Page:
One of my e-mail lists recently had a discussion about the wisdom of referring to the COVID-19 crisis in fictional works. One concern was that including the pandemic would "date" a story. That is, more so than all pieces of fiction are inherently dated merely because fashions and technology change. One author's editor asked her to remove the references for that reason. Personally, I don't plan to include the pandemic in my fiction, because all my stories contain supernatural or paranormal elements, and it seems that having the pandemic as part of the background would add an unnecessarily complicated extra layer. Also, setting a story in a version of the current real world, I think, would result in having the pandemic "take over" the story. If a work were explicitly set in the present year as it actually is, it would be almost impossible to keep the story from being at least partially "about" the pandemic. So, because of the genre of my writing, I've decided to keep locating my works-in-progress in an indefinite present where COVID-19 doesn't exist.
It will be a different matter when the acute crisis ends and the "new normal" (whatever that may turn out to be) becomes established. In that case, whatever social changes have become permanent should be included for verisimilitude, in my opinion. For instance, if in the future all store clerks continue to wear masks, that custom should be mentioned in passing when appropriate, just as we would show characters going through airport security lines. (Remember when friends and relatives of departing passengers could walk with them right up to the gate? Or am I the only person here who's that old?) Diane Duane subtly alludes to the September 11 attacks in a couple of her novels. In one of the Young Wizards installments, the teenage characters' mentor says they must have noticed how the world situation has deteriorated recently. The young heroine agrees, thinking of the Manhattan skyline. Her adult friend corrects her; he means within the past hundred years or so. In Duane's STEALING THE ELF KING'S ROSES, whose characters inhabit an alternate Earth, at one point the protagonist and an ally travel the multiverse through several versions of New York. In a world obviously meant to be ours, she asks, "Where's the World Trade Center?" Her companion hastily moves her along, suggesting that maybe it was never built in that continuum.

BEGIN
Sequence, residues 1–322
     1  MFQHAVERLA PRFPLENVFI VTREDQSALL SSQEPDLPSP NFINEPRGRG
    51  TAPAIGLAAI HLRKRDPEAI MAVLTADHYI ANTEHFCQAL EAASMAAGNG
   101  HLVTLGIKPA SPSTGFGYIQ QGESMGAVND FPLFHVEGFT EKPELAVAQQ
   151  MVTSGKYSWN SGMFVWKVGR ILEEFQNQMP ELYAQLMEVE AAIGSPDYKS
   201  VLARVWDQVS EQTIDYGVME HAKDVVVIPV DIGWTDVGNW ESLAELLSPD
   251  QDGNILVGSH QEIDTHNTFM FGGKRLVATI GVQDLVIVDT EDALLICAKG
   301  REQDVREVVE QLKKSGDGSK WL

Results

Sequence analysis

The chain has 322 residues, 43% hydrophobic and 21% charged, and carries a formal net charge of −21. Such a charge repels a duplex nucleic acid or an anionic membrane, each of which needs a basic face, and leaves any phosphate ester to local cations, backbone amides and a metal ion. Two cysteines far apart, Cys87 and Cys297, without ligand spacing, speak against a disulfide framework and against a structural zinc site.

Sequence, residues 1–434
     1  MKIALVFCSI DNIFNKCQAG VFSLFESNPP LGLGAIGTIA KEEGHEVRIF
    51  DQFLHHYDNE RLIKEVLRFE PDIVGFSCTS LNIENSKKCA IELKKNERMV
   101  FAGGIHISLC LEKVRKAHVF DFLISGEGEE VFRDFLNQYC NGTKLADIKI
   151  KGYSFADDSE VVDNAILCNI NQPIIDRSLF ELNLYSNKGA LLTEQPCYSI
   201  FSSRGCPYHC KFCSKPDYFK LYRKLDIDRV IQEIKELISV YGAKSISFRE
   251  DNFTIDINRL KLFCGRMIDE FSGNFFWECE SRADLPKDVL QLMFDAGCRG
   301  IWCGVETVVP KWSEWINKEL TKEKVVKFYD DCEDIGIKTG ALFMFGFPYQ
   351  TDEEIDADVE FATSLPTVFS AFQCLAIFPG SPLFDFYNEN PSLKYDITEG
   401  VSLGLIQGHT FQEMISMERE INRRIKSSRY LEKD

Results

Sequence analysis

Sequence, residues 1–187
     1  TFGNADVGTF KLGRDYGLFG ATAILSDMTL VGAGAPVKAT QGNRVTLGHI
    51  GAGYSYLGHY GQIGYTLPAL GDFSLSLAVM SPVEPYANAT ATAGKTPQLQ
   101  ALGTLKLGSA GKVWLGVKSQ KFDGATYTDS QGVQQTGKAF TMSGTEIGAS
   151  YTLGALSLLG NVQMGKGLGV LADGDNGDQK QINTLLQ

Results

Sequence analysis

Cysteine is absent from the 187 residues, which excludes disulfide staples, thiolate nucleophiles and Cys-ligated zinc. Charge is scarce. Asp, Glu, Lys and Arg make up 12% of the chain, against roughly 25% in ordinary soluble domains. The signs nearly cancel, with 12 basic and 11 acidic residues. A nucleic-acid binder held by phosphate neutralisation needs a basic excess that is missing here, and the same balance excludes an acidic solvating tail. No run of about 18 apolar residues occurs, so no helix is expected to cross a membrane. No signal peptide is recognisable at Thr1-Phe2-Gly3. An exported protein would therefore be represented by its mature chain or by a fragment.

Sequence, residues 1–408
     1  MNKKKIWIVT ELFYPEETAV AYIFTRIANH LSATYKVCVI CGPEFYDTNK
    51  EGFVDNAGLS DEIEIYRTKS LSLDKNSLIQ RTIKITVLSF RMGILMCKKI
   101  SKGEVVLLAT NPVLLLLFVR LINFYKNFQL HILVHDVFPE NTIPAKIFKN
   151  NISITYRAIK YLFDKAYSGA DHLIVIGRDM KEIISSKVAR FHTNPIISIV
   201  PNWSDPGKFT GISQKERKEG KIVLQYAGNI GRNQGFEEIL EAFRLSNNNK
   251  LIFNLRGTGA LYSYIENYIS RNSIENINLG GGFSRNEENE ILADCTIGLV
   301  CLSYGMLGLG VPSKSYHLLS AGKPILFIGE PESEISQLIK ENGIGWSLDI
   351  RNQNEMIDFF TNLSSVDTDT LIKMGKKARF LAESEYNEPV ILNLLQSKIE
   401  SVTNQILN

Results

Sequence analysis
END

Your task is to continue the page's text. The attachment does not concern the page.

The TV series TOUCHED BY AN ANGEL featured two very effective episodes in reaction to 9-11, but alluding to the event in retrospect, months after the attacks. In one, a small community can't get past the loss of a favorite teacher who was visiting New York on the fateful day; the other takes place on New Year's Eve in an old-fashioned watch repair shop about to close forever, as the staff labors to repair a timepiece found in the ruins of the World Trade Center.
Another way of dealing with current events in fiction, as mentioned by a few authors on that e-mail list, is to write about a setting with analogies to the present crisis, yet not literally portraying those real events. For example, one might create an imaginary world suffering an epidemic with medical and social effects similar to those we're experiencing. An alternate-universe novel published several years ago portrays a world politically dominated by Muslim Arab states. In the recent past of that Earth, where Christianity is a minor sect, a November 11 attack on a major Middle Eastern landmark by Christian fundamentalist fanatics has shaped politics and culture.
Artistic works can allude to current events even more obliquely. I once got a surprised response when I labeled the country song "Beer for My Horses" a 9-11 song. No, it doesn't mention the attacks. But its theme of bringing frontier justice upon the bad guys, in the context of the time of its release, unmistakably calls to mind that event and the U.S. military response. How do you deal with real-world crises in your writing, if at all?
Margaret L. CarterCarter's Crypt